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In Defense of Consumer Sovereignty

Over at EconLog, Pierre Lemieux has an excellent post on the importance of consumer (vs. producer) sovereignty. And here’s my own slightly amended comment on Pierre’s post:


You’re correct that in an economy in which people in their roles as consumers are expected – or, worse, coerced – to give priority to the preferences of people in their roles as producers would be an economy far less efficient and productive than is an economy in which there reigns consumer sovereignty. And the reason you offer for the superiority of consumer sovereignty over producer sovereignty (or some hybrid of the two) is creative, valid, and important.

But I believe that there’s an even more fundamental justification for consumer sovereignty. This more fundamental justification for consumer sovereignty is grounded in this reality: To produce is necessarily to assist in the satisfaction of consumption desires. Rearranging physical matter is productive only if and insofar as the result of the rearrangement is an improved ability of people to consume.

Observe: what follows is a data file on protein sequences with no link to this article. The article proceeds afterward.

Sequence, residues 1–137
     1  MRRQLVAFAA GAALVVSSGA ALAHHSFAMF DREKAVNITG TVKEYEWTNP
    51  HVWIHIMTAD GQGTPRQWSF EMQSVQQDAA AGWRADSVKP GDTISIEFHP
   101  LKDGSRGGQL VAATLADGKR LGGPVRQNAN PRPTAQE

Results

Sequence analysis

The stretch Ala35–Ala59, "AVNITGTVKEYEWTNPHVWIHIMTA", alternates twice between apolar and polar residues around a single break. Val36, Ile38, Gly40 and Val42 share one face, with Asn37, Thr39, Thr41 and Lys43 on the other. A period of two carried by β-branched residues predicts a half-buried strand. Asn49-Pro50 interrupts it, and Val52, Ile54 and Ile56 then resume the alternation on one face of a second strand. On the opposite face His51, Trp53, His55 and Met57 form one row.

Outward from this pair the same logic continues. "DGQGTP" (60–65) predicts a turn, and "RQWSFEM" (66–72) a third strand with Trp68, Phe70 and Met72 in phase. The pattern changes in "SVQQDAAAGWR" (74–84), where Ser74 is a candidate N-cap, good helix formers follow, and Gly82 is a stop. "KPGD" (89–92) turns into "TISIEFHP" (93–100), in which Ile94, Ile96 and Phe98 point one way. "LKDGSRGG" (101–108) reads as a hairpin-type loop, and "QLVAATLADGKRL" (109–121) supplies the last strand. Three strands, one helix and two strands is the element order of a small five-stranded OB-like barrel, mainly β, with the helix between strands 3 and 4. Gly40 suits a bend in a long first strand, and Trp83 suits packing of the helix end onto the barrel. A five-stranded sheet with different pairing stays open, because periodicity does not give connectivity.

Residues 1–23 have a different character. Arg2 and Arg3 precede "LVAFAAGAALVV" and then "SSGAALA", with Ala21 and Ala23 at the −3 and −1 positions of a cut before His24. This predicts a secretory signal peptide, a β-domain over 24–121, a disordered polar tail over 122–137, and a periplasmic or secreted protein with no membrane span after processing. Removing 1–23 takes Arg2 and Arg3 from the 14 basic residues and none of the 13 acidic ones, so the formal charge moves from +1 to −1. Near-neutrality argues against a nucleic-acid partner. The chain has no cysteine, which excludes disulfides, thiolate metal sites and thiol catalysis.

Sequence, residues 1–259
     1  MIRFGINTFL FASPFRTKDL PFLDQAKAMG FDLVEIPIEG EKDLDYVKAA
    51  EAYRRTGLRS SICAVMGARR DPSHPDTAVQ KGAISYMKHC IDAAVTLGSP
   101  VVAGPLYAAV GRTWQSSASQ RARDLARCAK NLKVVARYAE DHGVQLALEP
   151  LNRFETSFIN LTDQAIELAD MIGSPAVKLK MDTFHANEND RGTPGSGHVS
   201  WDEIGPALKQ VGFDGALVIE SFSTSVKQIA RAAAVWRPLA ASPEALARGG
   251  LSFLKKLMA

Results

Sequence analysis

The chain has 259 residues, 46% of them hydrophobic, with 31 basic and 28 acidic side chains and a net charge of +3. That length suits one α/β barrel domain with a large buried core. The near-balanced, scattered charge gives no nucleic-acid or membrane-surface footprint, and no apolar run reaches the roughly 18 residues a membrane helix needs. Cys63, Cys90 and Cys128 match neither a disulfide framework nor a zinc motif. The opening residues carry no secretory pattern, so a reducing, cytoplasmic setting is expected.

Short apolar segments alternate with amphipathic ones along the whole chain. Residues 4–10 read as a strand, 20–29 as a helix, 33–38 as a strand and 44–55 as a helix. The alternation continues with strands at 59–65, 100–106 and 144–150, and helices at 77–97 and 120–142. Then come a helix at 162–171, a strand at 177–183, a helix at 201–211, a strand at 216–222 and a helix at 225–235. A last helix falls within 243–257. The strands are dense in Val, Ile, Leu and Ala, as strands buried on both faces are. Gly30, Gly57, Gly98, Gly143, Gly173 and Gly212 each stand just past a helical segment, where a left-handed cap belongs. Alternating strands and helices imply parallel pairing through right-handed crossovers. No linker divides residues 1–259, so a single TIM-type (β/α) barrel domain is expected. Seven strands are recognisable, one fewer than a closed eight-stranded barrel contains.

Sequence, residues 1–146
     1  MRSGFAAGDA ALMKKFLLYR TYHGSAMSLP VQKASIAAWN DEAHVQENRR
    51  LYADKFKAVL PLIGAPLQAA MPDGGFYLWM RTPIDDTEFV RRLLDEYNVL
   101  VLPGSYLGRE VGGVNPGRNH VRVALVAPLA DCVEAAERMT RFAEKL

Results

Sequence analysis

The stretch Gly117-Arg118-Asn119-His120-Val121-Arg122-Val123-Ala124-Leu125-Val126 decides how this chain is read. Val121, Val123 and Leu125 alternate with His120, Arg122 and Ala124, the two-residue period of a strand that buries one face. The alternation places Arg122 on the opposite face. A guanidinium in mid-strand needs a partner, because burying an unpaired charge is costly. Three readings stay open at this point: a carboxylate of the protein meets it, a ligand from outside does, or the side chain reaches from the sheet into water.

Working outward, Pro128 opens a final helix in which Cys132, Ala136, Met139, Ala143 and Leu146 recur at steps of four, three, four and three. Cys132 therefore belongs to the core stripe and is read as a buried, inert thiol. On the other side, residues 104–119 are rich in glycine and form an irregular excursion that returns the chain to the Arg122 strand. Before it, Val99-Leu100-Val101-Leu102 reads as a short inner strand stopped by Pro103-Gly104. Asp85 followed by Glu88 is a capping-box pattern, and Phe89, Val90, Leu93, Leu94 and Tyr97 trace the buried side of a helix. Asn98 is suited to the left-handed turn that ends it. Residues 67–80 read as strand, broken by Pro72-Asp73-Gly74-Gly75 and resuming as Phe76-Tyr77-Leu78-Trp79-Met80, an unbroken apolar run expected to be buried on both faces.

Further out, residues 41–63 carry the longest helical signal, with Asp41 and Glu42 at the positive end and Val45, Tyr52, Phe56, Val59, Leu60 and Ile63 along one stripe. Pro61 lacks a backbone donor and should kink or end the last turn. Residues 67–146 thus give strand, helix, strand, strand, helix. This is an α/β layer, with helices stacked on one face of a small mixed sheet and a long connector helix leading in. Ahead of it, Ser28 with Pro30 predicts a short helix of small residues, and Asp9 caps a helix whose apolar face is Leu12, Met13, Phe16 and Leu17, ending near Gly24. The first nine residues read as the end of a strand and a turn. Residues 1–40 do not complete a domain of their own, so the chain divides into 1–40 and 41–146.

Judging whether or not rearrangements of physical matter are truly productive requires some reliable test of whether or not these rearrangements increase people’s ability to consume. A crucial feature of any such test is allowing income earners (or wealth holders) to spend their own (and only their own) money as they choose. Another crucial feature of this test is allowing people in their roles as producers to offer their own particular rearrangements of physical matter for sale to people in their roles as consumers. These two features combine to reveal, as best as is possible in our imperfect vale, what are the most productive uses of scarce resources, including labor.

Put differently, while production precedes consumption chronologically, consumption precedes production logically – in the sense of consumption being the goal and production being the means of satisfying that goal.

Put in yet a somewhat different way, while consumption desires can exist independently of any production that occurs to satisfy those desires, genuine production cannot exist independently of consumption desires. Production must be aimed at satisfying consumption desires; efforts at rearranging physical matter become productive only if and insofar as these efforts satisfy consumption desires. Thus we have the fundamental justification for an economy in which people in their roles as consumers, not people in their roles as producers, are sovereign.

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